Peavey Stereo Chorus 212 Head Stuck In Mono

The owner of this amp was so anxious to get it fixed, he removed the chassis from this Peavey Stereo Chorus 212 combo and even helped load it!  The amp plays, but only one stereo channel is operational.  Can the Unbrokenstring Crew help?

A quick look of the front panel shows the inputs and the normal (clean) channel controls.

Did you catch the missing knob?  The Unbrokenstring Crew will find a replacement, which is no small thing because these are no longer available new and are only available from spares or salvaged from a non-working unit.

This amp uses a digital signal processing (DSP) module to make all this audio magic.

Interestingly, the DSP module creates two unique audio signals (stereo) from a single mono input.

The ground lift switch is on the front panel, which is a nice touch from many other designs.

This dual OPAMP is non-functional.  However, this is not the root cause of the missing stereo signal.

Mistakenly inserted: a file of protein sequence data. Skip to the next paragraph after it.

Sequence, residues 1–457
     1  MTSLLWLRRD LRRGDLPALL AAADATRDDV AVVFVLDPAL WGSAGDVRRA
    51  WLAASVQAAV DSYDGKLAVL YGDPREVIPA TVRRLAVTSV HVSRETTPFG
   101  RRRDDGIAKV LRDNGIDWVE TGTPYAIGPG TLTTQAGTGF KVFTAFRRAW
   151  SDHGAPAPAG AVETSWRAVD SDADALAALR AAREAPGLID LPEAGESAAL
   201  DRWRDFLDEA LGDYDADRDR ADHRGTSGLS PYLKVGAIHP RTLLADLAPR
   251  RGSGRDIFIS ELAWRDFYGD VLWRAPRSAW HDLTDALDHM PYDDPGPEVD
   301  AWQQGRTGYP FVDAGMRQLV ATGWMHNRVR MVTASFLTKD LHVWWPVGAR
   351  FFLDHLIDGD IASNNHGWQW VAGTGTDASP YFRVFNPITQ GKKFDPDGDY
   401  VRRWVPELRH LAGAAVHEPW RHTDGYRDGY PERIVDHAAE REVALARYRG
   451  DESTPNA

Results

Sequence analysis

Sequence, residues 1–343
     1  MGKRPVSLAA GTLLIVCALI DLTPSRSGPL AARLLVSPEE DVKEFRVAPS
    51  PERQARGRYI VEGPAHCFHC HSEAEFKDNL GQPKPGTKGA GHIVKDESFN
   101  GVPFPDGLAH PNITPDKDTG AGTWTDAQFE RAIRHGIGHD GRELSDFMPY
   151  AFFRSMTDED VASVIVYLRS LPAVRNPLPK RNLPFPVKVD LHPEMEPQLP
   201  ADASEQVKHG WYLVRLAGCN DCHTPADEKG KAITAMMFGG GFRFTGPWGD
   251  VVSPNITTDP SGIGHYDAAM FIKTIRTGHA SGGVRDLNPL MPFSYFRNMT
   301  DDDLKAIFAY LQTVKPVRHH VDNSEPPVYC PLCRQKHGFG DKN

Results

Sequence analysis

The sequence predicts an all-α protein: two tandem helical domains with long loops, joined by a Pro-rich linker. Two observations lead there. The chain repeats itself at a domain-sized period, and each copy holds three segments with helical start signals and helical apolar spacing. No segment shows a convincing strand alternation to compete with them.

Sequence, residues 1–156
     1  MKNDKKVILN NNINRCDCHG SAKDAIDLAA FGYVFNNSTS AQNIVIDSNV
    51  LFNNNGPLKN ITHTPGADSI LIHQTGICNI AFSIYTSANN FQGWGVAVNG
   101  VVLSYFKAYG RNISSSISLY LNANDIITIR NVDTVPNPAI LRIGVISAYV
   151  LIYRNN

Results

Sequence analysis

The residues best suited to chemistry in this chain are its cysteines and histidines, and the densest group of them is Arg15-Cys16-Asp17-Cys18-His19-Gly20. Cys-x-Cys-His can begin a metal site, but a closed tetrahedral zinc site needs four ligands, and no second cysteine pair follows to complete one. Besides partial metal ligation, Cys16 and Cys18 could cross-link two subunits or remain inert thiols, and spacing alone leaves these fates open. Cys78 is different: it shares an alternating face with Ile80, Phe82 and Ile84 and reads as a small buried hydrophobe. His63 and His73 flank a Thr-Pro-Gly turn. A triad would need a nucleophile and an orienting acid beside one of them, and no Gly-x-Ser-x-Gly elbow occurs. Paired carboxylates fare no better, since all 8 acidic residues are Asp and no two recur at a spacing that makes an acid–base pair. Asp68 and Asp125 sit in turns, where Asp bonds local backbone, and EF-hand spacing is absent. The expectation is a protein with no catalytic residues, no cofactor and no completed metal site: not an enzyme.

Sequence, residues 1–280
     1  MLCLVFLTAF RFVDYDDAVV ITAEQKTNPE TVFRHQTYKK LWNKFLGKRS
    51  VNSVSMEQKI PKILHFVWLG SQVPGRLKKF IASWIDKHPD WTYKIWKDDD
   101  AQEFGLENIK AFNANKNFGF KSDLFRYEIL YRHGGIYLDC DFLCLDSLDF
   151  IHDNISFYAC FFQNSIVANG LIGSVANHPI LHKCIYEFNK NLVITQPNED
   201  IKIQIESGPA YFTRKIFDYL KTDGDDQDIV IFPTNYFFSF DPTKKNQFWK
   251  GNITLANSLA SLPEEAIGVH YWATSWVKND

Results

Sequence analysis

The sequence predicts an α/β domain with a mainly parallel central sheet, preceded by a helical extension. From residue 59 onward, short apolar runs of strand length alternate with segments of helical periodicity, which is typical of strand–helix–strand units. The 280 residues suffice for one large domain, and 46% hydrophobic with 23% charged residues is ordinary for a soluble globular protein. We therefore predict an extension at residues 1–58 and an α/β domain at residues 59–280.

This is the DSP module in this amplifier.  We have only one audio stream as an output from this device.

A piece of cardboard serves an an insulator so that the bottom of the DSP assembly can be probed.

Here is where the DSP processor outputs both audio as a stream of ONEs and ZEROs.  We are OK here!

This chip processes the two DSP streams in a manner similar to a successive approximation analog-to-digital converter.

The bit streams are split using an analog switch.  Here is the output of the switch assigned to the working channel.

And this is the output of the switch on the non-working channel.  Time to change the switch!

Desoldering today is performed with a traditional iron, rosin flux, and copper braid.  This keeps solder balls to a minimum.

The circuit board is cleared of excess solder and flux.

The new MUX chip is available through the usual sources.

With the tweezers, the new MUX chip is oriented properly on the circuit board pads.  See the tweezers?

After soldering, the workmanship is inspected with this hand-held microscope.  The high-powered white illuminator is on the left, and the black cylinder next to the big IC chips is the optical microscope itself.

Any remaining solder flux is removed with alcohol.  The rag gives the dissolved mess somewhere to go.

Both channels are operating at full power.  The knob is coming from an eBay auction.  When it gets here this head is ready to return to the eager customer!

Thanks for reading all the way to the end!

CONTACT – David Latchaw EE